When All Else Fails

The Roman Empire & The Power of Money

by Robert Fitzwilson, President & Founder of The Portola Group

March 4 (King World News) – There have been many analogies drawn between the United States and Rome. We think that to be historically inaccurate. The new Roman equivalent is a strip of discontinuous land stretching roughly from Charlotte, North Carolina to New York City on the Eastern coast of the Continental United States.

Rome in the days of the Republic was a city-state, not an empire. Their army was comprised of citizen-soldiers, called to duty in times of peril. The afterglow of their system of government can be seen incorporated into the founding documents of the United States such as the Constitution, particularly the checks and balances. The Romans biggest fear was a dictator, although they ironically allowed for one when there was extreme danger.

In a tale told all too often, money and conquest corrupted the original foundations of their government and the social fabric that held them together. It was called “Mos Maiorum”, roughly “the way of the ancients” as we understand it (apologies to both Latin experts and historians if necessary). The strong sense of civic duty that worked so well for centuries crumbled as the wealth of the East came pouring back to Rome, conquest after conquest..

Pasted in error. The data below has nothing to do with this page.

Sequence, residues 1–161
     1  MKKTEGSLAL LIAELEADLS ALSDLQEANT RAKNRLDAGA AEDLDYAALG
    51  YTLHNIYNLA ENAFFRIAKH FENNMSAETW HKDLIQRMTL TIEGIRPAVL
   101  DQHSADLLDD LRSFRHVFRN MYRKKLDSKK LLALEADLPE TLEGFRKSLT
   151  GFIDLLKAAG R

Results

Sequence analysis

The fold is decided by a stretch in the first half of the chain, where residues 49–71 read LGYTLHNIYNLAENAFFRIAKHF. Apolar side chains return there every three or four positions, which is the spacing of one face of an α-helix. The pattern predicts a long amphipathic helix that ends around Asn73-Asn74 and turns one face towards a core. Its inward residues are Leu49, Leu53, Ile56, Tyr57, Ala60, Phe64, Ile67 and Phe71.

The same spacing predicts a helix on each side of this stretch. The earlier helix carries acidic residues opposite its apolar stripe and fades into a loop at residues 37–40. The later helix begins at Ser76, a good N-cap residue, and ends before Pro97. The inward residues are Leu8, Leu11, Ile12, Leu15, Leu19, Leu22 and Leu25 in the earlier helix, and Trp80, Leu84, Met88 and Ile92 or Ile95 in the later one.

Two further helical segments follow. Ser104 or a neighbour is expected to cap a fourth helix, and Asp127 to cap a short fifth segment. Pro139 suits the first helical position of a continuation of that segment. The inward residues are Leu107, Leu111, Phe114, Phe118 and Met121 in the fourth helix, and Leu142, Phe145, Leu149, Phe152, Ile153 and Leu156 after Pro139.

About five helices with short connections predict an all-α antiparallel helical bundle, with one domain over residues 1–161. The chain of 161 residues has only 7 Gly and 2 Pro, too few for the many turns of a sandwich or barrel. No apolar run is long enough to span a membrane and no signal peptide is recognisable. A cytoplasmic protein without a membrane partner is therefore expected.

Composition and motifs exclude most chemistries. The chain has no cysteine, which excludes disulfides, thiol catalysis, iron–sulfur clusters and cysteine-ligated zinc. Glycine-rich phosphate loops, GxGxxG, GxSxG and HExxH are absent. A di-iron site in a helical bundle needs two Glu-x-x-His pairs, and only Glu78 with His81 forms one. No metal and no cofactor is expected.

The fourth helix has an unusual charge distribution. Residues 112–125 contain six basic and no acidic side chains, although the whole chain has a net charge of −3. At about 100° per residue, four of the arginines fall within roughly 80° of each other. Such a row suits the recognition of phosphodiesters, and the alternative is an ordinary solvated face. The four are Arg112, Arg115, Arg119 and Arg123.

In the early days of the Empire, Emperor Nero created a particularly nasty estate tax. He was rumored to have burned down wooden Rome to replace it in his own image and one made of marble. As he ran out of money, he raided the temples and the churches. He still needed more, so he created the Roman version of Legalzoom.com. He required everyone to write a simple will leaving wealth to him. An epidemic of “premature” deaths ensued, particularly those with large sums of wealth. These “proscriptions” might sound familiar to some taxpayers in the current era.

Rome became the political and financial hub. Romans did not make much of anything. Manufactured goods were imported from Gaul. Food was “outsourced” to North Africa. The political activities revolved around the management of the empire. The army engaged in conquest, control, and then ultimately defending the borders against barbarian incursions.

All of this cost lots of money.

Read more here.